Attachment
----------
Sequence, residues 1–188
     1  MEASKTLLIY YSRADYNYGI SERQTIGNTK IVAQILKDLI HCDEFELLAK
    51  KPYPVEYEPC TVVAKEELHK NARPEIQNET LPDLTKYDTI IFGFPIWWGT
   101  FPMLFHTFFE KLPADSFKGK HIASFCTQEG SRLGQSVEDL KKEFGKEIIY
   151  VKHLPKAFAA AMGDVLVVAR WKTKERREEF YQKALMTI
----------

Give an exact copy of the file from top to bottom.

Sequence, residues 1–188
     1  MEASKTLLIY YSRADYNYGI SERQTIGNTK IVAQILKDLI HCDEFELLAK
    51  KPYPVEYEPC TVVAKEELHK NARPEIQNET LPDLTKYDTI IFGFPIWWGT
   101  FPMLFHTFFE KLPADSFKGK HIASFCTQEG SRLGQSVEDL KKEFGKEIIY
   151  VKHLPKAFAA AMGDVLVVAR WKTKERREEF YQKALMTI